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Maureen Dowd Zombies

May 30, 2013

Here at ZombieLaw we very much enjoy the “zombies” in the NYTimes, and particularly enjoy the Op-Ed columnists (see previous zombies: Paul Krugman, David Brooks, and Gail Collins). Today the zombie Maureen Dowd.

zombie maureen dowd nytimes

Published May 21, 2013: “Serving Up Schlock“:

Networks still prefer to play it safe with likable characters, not darker ones like Tony Soprano, Walter White, Don Draper, Nicholas Brody and face-chewing zombies. Watching the derivative and uninspiring fare served up last week by the networks during their previews to woo advertisers, I was flummoxed at the lack of creativity and modernity. … “Resurrection” is about dead relatives popping up on the doorstep — zombies with better skin.

This was not Maureen Dowd’s first use of the word in her column but it seems a good excuse to list all her usages:

August 29, 2012: “Will They Decipher the Cipher?” referring to Republican National Convention:

there was the evening’s main course and future, Ryan, who brought the zombie convention alive with a zowie speech — building up Romney and tweaking him about what’s on his iPod, “which I’ve heard on the campaign bus and on many hotel elevators.”

August 2, 2011: “Washington Chain Saw Massacre” about the Tea Party:

Just as horror films moved from niche to mainstream in the late-’70s, with successes like “Halloween” and “Alien,” the Tea Party moved from niche to mainstream. … this strange, compelling and uncompromising new force epitomized “Invasion of the Body Snatchers” and evoked comparisons to our most mythic creatures of the night. They were like cannibals, eating their own party and leaders alive. They were like vampires, draining the country’s reputation, credit rating and compassion. They were like zombies, relentlessly and mindlessly coming back again and again to assault their unnerved victims, Boehner and President Obama.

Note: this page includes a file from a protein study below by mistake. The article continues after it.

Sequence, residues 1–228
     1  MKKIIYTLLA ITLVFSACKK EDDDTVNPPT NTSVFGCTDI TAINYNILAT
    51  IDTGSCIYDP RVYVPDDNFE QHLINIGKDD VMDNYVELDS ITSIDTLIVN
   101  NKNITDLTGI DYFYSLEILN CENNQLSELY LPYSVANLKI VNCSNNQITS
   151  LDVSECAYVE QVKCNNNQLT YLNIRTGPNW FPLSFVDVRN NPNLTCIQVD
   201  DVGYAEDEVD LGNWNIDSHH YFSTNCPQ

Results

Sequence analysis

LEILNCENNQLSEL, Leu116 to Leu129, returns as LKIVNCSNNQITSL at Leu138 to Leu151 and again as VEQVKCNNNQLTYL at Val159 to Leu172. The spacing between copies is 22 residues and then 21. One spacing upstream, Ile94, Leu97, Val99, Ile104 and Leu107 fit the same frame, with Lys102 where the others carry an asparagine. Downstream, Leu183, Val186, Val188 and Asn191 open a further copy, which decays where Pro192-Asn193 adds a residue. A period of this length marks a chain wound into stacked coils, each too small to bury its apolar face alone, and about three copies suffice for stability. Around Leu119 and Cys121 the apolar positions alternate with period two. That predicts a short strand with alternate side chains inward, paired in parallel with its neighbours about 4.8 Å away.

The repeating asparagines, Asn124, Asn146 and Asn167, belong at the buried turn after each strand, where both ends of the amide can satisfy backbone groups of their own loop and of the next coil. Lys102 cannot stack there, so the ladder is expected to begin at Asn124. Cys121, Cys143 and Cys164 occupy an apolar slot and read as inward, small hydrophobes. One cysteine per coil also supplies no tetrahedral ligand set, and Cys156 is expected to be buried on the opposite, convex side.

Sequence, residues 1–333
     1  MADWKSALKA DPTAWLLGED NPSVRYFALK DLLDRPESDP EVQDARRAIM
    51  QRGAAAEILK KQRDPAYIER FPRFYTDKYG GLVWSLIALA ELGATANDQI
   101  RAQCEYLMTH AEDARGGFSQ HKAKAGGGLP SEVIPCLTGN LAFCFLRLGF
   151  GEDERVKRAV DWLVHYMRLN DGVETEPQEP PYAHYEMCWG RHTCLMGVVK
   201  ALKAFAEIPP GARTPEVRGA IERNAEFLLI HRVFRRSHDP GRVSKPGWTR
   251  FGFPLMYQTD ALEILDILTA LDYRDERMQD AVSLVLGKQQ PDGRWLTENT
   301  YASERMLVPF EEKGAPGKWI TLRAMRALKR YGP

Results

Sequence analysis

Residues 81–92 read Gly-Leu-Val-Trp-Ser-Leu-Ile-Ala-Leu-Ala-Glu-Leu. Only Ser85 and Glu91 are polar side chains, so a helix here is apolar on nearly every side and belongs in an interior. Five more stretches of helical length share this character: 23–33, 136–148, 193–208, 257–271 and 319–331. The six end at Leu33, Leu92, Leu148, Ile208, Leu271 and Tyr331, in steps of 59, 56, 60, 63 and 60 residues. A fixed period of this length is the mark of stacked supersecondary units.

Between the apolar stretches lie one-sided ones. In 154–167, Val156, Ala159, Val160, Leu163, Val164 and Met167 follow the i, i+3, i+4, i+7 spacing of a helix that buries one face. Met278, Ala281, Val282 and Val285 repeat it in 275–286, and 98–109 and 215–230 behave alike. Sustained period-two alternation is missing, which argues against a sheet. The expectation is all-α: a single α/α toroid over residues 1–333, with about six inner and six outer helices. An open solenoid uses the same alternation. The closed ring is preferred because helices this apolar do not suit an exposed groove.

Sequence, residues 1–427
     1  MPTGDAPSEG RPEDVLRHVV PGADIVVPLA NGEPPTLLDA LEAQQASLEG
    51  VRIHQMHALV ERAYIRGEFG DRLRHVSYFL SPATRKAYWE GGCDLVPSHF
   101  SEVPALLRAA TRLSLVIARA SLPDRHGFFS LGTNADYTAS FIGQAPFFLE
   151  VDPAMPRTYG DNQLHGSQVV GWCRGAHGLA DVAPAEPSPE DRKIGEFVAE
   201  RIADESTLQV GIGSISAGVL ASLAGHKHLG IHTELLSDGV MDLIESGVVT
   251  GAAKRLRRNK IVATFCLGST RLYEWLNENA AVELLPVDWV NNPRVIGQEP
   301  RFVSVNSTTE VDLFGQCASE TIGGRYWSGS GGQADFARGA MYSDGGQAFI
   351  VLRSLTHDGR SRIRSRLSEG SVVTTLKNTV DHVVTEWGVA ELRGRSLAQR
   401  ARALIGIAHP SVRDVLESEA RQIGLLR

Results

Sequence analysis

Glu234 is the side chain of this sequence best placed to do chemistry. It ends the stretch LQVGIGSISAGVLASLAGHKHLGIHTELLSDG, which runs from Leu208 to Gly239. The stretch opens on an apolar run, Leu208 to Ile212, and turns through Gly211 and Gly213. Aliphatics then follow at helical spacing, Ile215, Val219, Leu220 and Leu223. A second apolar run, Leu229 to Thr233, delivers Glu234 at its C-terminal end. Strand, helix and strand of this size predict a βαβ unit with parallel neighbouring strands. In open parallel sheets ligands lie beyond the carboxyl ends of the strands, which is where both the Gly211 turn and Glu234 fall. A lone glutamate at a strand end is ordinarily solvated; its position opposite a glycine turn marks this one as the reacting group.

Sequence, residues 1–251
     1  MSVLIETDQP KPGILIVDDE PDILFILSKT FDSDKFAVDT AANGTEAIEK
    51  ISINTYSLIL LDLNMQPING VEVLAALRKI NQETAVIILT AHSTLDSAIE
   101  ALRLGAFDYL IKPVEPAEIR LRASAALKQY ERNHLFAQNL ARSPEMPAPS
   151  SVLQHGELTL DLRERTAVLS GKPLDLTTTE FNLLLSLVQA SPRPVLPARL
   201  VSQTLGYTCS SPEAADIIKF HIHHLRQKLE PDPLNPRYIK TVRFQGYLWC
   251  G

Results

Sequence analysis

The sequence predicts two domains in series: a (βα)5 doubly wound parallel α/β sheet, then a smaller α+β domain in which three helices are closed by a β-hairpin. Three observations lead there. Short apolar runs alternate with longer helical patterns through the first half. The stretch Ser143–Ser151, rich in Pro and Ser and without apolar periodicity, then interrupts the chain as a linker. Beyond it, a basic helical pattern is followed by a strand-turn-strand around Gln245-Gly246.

March 18, 2006: “Valley Of The Rolls” about sleep-eating:

The scary news of zombie hordes of Ambien sleep-eaters follows fast upon the scary news of zombie hordes of Ambien sleep-drivers and zombie hordes of Ambien sleep-sirens. … If you don’t want to give up Ambien, doctors say, put chimes on your bedroom door. The tinkling may wake you up on the way to get a snack or take a drive to shoplift a new wardrobe for your fat zombie self.

March 15, 2006″ What’s Better? His Empty Suit or Her Baggage? about political humor:

There’s only one reason I continue to brave Washington’s dreary formal press dinners, which are so calcified they’re a bad cross between a zombie movie and those little Mexican Day of the Dead sculptures. I find it highly instructive to hear politicians make humor speeches.

September 7, 2005: “Haunted By Hesitation” about the W-Bush administration post-Katrina:

New Orleans’s literary lore and tourist lure was its fascination with the dead and undead, its lavish annual Halloween party, its famous above-ground cemeteries, its love of vampires and voodoo and zombies. But now that the city is decimated, reeking with unnecessary death and destruction, the restless spirits of New Orleans will haunt the White House.

April 13, 2005: Recline Yourself, Resign Yourself, You’re Through about baby boomers and nursing homes:

She was sent to a nursing home to recuperate. It was the third circle of gloom. Residents sat around, zombie-like, or slowly maneuvered in wheelchairs or with walkers. I suddenly understood why all of my mom’s friends who had gone into nursing homes had become listless and died soon after. The facility was depressing, with bad food and impersonal attendants who seemed inured to their surroundings.